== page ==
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Chart-Toppers: 50 Years of the Best-Selling Music Artists

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Chart-Toppers: 50 Years of the Best-Selling Music Artists

Fame, fortune, and adoring fans—this is often the dream-turned-reality for the world’s most popular music artists.

Thanks to their relatability and creative prowess, these artists have not only boasted longevity in their record sales, but they’ve also dominated the charts year after year.

Today’s video from Data is Beautiful visualizes the world’s best-selling music artists from the past 50 years (1969 to 2019) and highlights the length of their reigns.

Do you see your favorite artist or group in the mix?

The Best Selling Artists, By Decade

Of all of the artists in the past half-century, two stand out: Michael Jackson and Eminem. Michael Jackson has the highest cumulative number of years in the top spot (~12 years), while Eminem holds the longest continuous best-selling artist slot (8.5 years).

Let’s dive into each decade to uncover defining moments and key technology advancements that pushed the art of music into exciting new areas.

top selling music artists

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1970s

This era of music is defined by the emergence of the rock genre, with artists like The Eagles and Led Zeppelin, the latter of which is widely considered a forefather of hard rock and heavy metal.

The Beatles became known, not just for their music, but for pushing the envelope with how they recorded their music. They used analog sound editing techniques—utilizing a sound effect “bank” to record overtop finished music tracks to add depth and texture. This left a huge mark on the music world, and in many ways influenced how modern music is recorded.

The introduction of 8-tracks and cassette tapes enabled people to play albums in their vehicles, opening up new possibilities for on-the-go entertainment.

1980s

Enter the age of electronic music—synthesizers, theremins, electronic samplers, and electronic drum kits popped up in the music scene, most predominantly in the United Kingdom and the United States. The German-based group Kraftwerk was one of the first to pioneer using a synthesizer in their sets.

For example, one of the reasons for Michael Jackson’s success was that the technology of the time allowed for much wider distribution at much lower costs. In addition, Thriller was one of the first albums recorded on compact discs (CDs), which were introduced in 1982.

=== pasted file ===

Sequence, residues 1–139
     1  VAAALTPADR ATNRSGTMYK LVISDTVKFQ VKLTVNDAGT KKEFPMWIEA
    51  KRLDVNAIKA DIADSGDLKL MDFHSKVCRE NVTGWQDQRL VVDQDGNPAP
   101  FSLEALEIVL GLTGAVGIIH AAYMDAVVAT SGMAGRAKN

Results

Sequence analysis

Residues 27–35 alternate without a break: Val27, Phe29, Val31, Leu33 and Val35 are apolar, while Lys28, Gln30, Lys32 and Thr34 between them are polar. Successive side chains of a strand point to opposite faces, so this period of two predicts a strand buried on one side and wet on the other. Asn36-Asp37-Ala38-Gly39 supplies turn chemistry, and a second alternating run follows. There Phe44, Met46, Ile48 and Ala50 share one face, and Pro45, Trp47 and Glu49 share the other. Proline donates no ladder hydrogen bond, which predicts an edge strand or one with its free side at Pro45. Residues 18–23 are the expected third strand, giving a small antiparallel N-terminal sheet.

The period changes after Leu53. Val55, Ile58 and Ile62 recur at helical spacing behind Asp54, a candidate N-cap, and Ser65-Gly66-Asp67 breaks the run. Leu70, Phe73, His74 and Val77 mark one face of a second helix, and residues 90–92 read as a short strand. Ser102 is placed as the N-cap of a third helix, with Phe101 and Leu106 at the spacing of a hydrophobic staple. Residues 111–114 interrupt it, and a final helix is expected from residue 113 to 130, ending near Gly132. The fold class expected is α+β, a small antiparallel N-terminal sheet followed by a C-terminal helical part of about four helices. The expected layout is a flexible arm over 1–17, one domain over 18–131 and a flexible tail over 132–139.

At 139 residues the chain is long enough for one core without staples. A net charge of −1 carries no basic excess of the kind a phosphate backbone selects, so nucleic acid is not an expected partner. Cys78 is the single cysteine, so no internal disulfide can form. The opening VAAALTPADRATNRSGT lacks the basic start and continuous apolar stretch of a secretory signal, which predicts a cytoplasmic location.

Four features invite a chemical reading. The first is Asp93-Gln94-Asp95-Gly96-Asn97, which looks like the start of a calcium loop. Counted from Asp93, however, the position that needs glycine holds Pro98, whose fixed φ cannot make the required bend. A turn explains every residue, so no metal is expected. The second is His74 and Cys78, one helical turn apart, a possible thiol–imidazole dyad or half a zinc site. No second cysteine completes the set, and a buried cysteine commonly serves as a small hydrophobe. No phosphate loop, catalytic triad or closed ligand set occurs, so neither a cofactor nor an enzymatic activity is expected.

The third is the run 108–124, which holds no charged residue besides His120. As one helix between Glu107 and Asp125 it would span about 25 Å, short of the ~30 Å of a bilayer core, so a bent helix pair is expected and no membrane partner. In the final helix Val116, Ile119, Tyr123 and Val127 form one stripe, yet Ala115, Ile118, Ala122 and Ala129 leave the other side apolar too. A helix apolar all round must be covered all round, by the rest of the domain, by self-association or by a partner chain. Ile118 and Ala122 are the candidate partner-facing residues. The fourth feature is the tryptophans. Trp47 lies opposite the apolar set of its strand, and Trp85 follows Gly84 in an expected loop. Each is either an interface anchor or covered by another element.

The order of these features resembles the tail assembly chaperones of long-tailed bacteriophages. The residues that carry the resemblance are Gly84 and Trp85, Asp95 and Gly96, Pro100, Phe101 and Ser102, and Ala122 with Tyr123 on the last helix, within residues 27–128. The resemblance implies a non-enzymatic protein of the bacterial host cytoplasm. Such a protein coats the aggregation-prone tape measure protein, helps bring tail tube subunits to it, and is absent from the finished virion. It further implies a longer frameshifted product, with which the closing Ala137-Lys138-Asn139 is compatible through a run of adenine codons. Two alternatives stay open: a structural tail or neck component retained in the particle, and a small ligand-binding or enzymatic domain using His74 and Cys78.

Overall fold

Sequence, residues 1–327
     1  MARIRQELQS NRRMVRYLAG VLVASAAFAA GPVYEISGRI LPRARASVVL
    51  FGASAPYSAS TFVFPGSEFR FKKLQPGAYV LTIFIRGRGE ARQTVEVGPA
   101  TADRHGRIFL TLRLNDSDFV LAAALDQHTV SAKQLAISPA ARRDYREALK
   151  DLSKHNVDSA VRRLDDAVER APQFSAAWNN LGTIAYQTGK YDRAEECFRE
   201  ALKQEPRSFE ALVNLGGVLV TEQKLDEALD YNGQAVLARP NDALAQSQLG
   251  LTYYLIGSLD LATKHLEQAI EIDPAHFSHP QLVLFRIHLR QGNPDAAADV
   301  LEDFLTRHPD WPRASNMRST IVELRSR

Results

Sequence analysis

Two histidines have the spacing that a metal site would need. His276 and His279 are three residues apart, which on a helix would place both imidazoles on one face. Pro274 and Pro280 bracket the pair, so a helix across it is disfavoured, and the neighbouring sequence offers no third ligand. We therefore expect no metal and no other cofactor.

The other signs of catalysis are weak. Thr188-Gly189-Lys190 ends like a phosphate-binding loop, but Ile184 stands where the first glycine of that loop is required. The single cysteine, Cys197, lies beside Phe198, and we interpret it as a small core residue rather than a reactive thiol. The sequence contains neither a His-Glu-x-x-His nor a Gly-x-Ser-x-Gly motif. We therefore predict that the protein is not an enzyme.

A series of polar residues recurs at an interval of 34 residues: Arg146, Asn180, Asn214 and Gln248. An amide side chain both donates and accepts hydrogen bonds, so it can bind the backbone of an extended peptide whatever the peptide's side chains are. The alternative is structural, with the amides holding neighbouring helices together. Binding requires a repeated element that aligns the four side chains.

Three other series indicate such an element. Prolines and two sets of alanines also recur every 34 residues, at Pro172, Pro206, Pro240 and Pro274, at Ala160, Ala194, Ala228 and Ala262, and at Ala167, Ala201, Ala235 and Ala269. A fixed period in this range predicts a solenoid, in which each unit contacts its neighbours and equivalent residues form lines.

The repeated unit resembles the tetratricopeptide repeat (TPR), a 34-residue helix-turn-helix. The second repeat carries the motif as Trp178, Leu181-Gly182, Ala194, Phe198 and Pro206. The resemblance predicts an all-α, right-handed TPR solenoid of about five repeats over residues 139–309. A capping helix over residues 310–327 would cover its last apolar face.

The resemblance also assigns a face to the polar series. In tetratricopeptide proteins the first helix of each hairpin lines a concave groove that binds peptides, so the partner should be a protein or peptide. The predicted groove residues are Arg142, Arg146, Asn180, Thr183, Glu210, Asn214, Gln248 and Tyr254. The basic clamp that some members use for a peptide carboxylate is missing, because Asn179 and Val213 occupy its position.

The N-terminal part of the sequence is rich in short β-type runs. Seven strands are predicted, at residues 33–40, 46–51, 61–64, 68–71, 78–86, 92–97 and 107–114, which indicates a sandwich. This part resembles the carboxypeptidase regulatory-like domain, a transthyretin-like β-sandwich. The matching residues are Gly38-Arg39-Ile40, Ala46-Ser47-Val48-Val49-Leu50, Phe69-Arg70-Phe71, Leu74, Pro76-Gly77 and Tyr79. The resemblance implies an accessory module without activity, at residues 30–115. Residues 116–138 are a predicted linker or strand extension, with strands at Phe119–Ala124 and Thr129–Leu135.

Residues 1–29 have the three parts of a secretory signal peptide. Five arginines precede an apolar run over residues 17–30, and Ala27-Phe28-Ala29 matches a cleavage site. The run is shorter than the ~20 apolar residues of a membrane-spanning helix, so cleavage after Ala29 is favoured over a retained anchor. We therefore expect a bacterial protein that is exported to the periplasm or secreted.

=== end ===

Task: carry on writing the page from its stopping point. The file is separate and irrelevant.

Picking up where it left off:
The MTV era (launched 1981) also significantly impacted the sales of albums, as music now offered both visual and audio experiences—and broadcast directly into people’s homes.

1990s

A predominant factor of the 90s music scene was the explosion of popular music artists being commissioned to record the theme songs for blockbuster films.

The most notable artists and their corresponding blockbuster movies of the time include:

  • Elton John ─ The Lion King
  • Celine Dion ─ Titanic
  • Whitney Houston ─ Bodyguard
  • Bryan Adams ─ Robin Hood: Prince Of Thieves
  • Madonna ─ Evita

While the 1990s marked a decade of great variety in top-selling artists, it was also the peak of the music industry’s sales, at a whopping $21.5 billion in 1999—a figure not since repeated.

2000s

Eminem dominated 2000s record sales, but the decade also featured brief stints from the Backstreet Boys in 2000 and Rihanna in 2009.

Eminem helped to launch hip hop music into the mainstream. Being one of the most controversial best-selling artists of all time, he pushed genre boundaries through his technical prowess, wordsmithing, and relatability to wider audiences.

The 21st century also brought music streaming services such as Spotify to the forefront, forever altering how people listen to their favorite artists and bands.

2010s

Only three artists have hit the best-selling artist spot in the current decade: Rihanna, Drake, and Luis Fonsi—the Puerto Rican singer most well known for his hit single “Despacito”.

In 2016, the Recording Industry Association of America (RIAA) certified that Drake was the first music artist ever to reach #1 through streaming platform sales and downloads, instead of through physical album sales.

According to RIAA, streaming revenues jumped from almost half of all music industry sales in 2017, to over 75% of sales in 2018—with $4.6 billion in total record sales as of Q1 2018.

The Future Of Music

Musicians are a creative breed, continuously experimenting with new instruments, sound effects, and recording styles.

Some artists are even going so far as use only an iPhone to record their work—showcasing the modern-era ability to record high-fidelity quality and achieve studio-like results.

With a new decade just around the corner, we may see even more possibilities for technology to revamp how we access our favorite tunes—and how artists distribute them to their fanbase.

Who might become the next Beatles, Michael Jackson, or Drake?

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Politics

How Do Democrats and Republicans Feel About Certain U.S. Industries?